First of all, I'd like to say hello and welcome and thanks for coming to those of you who clicked over from one of the various blogs I've started commenting on. Wherever you came from, I'm so glad you're here!

I admit, I LOVE comments (although, don't we all? I mean, why else do we put our thoughts out there in a public forum??). So, please, I hope that all of you who found me one way or another keep reading and commenting.

Keeping that in mind, I thought I'd pimp out my audience participation post. Jedi Dad asked if he got extra credit for audience participation. Well, I can't promise extra credit, but I can promise something!

For everyone who asks a question and references my audience participation post, I will send you a little something from my neck of the woods:

Don't like Lemonheads? How about an assortment:

Why would I send you Lemondheads (or Orangeheads or Grapeheads or any of their other friends)? Because I live across the street from the factory that makes them! When you receive your candy you can open up the box, take a big whiff, and imagine what it's like to go for a run with me in my neighborhood. Because, yes, it frequently smells of lemon, grape, or orange candy around here. Thankfully, I like those smells.

So, hit me up with a question, and I'll make sure you get your candy. Although, you should probably email me your address, too. I'll probably post answers to the questions this weekend, so let's say you have until the end of the day Saturday to get your participation points.

Tomorrow I'll post about tonight's 4 mile run and possibly my love of bandannas. Last night's Pilates and elliptical workout wasn't anything out of the ordinary. Except we did side planks! I love side planks. Although, it appears I'm the only one in the class that does since everyone else groaned and complained during our set of six (three each side). Wimps.

Tuesday, February 3, 2009

My shoes are here! My shoes are here!


Last night I arrived home from work to find my new shoes on the porch. I immediately got them out of the box. They're a little more red than pink (Jason says they're definitely red...and not even light red at that) but that's okay. I changed into my running clothes and decided to run last night's four-miler (on the treadmill...sigh) in my new shoes.

Except that these are the first pair of shoes I've bought online and they didn't come with the cute running store employee to lace them for me. I compared the lacing against my other pair and they appeared to be the same.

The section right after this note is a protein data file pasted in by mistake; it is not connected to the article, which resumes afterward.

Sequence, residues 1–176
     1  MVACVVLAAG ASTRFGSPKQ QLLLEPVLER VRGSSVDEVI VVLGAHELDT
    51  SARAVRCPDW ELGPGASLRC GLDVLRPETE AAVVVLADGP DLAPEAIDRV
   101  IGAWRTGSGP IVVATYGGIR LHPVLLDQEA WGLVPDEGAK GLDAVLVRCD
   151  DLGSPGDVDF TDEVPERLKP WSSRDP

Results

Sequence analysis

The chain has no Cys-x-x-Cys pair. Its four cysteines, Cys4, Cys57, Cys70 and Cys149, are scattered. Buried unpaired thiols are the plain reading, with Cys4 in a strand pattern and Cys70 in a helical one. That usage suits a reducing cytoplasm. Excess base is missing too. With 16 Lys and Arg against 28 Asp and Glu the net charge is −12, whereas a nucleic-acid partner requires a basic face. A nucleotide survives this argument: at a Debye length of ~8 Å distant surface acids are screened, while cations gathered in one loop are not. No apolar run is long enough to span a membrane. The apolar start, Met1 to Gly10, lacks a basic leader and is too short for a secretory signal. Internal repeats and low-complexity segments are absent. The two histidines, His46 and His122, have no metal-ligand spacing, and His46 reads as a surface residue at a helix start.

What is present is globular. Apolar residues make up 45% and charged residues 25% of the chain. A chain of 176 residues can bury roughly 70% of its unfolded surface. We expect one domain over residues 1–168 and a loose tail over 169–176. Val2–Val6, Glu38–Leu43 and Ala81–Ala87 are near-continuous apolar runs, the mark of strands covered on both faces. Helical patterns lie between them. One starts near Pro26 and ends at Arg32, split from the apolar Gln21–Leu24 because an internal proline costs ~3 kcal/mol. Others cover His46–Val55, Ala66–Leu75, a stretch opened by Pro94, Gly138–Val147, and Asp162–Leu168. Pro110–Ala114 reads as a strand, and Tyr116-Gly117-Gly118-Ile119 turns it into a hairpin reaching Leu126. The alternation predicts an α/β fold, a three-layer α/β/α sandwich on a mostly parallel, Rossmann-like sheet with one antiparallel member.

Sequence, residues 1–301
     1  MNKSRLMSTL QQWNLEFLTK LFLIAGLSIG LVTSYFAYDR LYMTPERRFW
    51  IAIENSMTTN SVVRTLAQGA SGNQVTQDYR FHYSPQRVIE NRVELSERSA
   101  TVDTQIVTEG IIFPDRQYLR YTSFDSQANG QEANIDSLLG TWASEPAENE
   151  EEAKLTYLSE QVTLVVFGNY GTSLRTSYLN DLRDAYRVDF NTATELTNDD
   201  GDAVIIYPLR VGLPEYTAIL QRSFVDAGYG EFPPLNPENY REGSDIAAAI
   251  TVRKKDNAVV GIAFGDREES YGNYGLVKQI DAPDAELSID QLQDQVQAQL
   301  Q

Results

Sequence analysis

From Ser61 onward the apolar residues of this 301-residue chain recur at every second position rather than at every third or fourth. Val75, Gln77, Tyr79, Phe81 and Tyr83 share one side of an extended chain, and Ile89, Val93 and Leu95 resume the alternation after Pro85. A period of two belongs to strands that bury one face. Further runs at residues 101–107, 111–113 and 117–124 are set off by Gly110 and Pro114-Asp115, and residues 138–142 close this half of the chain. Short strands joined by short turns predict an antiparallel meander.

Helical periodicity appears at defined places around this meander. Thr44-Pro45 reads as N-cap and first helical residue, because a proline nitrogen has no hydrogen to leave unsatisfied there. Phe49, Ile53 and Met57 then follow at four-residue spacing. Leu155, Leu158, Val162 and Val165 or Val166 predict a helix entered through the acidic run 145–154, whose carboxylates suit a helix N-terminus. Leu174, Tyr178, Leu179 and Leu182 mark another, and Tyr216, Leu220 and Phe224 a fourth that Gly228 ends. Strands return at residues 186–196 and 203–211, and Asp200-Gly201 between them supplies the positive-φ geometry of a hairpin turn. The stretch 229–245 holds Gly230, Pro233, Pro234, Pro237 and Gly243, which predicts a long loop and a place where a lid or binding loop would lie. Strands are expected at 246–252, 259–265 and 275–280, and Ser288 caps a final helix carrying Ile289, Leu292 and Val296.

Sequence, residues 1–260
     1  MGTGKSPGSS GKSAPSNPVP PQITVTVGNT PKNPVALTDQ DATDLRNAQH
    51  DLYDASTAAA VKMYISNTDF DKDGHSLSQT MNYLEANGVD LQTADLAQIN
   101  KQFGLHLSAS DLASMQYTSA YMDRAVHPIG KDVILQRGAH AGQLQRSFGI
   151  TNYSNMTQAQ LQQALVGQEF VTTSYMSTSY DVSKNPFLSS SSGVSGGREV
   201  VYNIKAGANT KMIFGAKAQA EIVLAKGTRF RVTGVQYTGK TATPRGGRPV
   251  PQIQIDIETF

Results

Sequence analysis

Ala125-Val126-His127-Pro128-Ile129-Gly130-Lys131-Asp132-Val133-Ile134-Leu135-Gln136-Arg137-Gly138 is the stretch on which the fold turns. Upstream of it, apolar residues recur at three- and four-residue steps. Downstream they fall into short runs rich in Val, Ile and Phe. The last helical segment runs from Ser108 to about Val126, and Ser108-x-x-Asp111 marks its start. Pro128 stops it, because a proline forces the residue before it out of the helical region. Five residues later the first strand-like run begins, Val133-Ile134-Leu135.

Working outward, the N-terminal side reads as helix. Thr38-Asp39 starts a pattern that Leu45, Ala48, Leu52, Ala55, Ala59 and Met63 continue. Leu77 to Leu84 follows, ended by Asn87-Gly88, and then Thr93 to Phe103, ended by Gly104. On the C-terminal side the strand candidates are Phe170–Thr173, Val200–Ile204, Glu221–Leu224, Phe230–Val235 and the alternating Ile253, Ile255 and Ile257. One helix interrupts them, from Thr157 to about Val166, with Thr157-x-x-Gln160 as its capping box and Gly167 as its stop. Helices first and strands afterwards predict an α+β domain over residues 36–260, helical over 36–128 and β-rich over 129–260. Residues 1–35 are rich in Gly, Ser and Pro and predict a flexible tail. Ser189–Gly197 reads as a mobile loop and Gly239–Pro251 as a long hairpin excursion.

Sadly, I think they were laced too tight or something because less than a mile into my run the pinky toe on my left foot started to go numb. What?

So, I swapped them out for my other pair and finished my run. Afterward I spent some time loosening the laces on the new pair and I'll try them again for my Wednesday four-miler.

Other than the shoe issue, my run was fine. Ran most of it at 5.5 MPH and the last bit at 5.6 MPH. I listed to the most recent episode of "This American Life" and, to be honest, I don't remember much. I think I was sort of zoned out. Hopefully for Wednesday I'll remember to transfer some episodes of "How I Met Your Mother" to DVD beforehand.

I noticed that I only got one question (via email) to my audience participation post yesterday. Perhaps if I do a give-away I'll get more responses? Well, I'm not doing a give-away, but The Chic Runner is! She's giving away a copy of the Eat This, Not That Supermarket Survival Guide. Sound interesting? Go check out her post and enter yourself for a chance to win.

P.S. I'll answer any audience participation questions at the end of the week.

Monday, February 2, 2009

January Wrap-Up

Photo courtesy of TSBVI.edu

As of yesterday, I am officially four weeks into training for my April 11th half-marathon.

What did I accomplish in the month of January?

Well, I started this blog for one! And I've posted about every training run and a few things in between.

I ran a total of 52.5 miles. All but 12 of those were run on the treadmill. I suppose that having a goal to aim for really does motivate you to get on that treadmill even when you don't think you can face another hamster-like run.

I did my first speedwork run ever and I did it well. That doesn't mean that I'm not apprehensive about the one next week, though.

I bought YaxTrax and ran on snow. I'd always said before that I'd run if it was warm and wet or cold and dry but not cold and wet. That's not true anymore!

The downside is that I've developed a few niggling pains. My right hip tends to be sore for two days or so after doing a long run and the bottoms of my feet are tight when I get up in the morning. I suppose I should find a sports medicine doctor to meet with before either of these things turn into something major.

This week is a "step-back" week meaning that I run three shorter runs instead of slowly building my mileage over the week. I'm hopeful that my new shoes will get here this week, too.

Anyway, now that we're a month into my training and my blogging about it, I figured I'd throw some audience participation into the mix. Do any of you have any questions you'd like to ask? They can be related to my training, my choice of races, my running history, my life in general, anything you want. Feel free to leave them as a comment or just email them to me (a2116 at me dot com). Thanks and I look forward to hearing from some of you!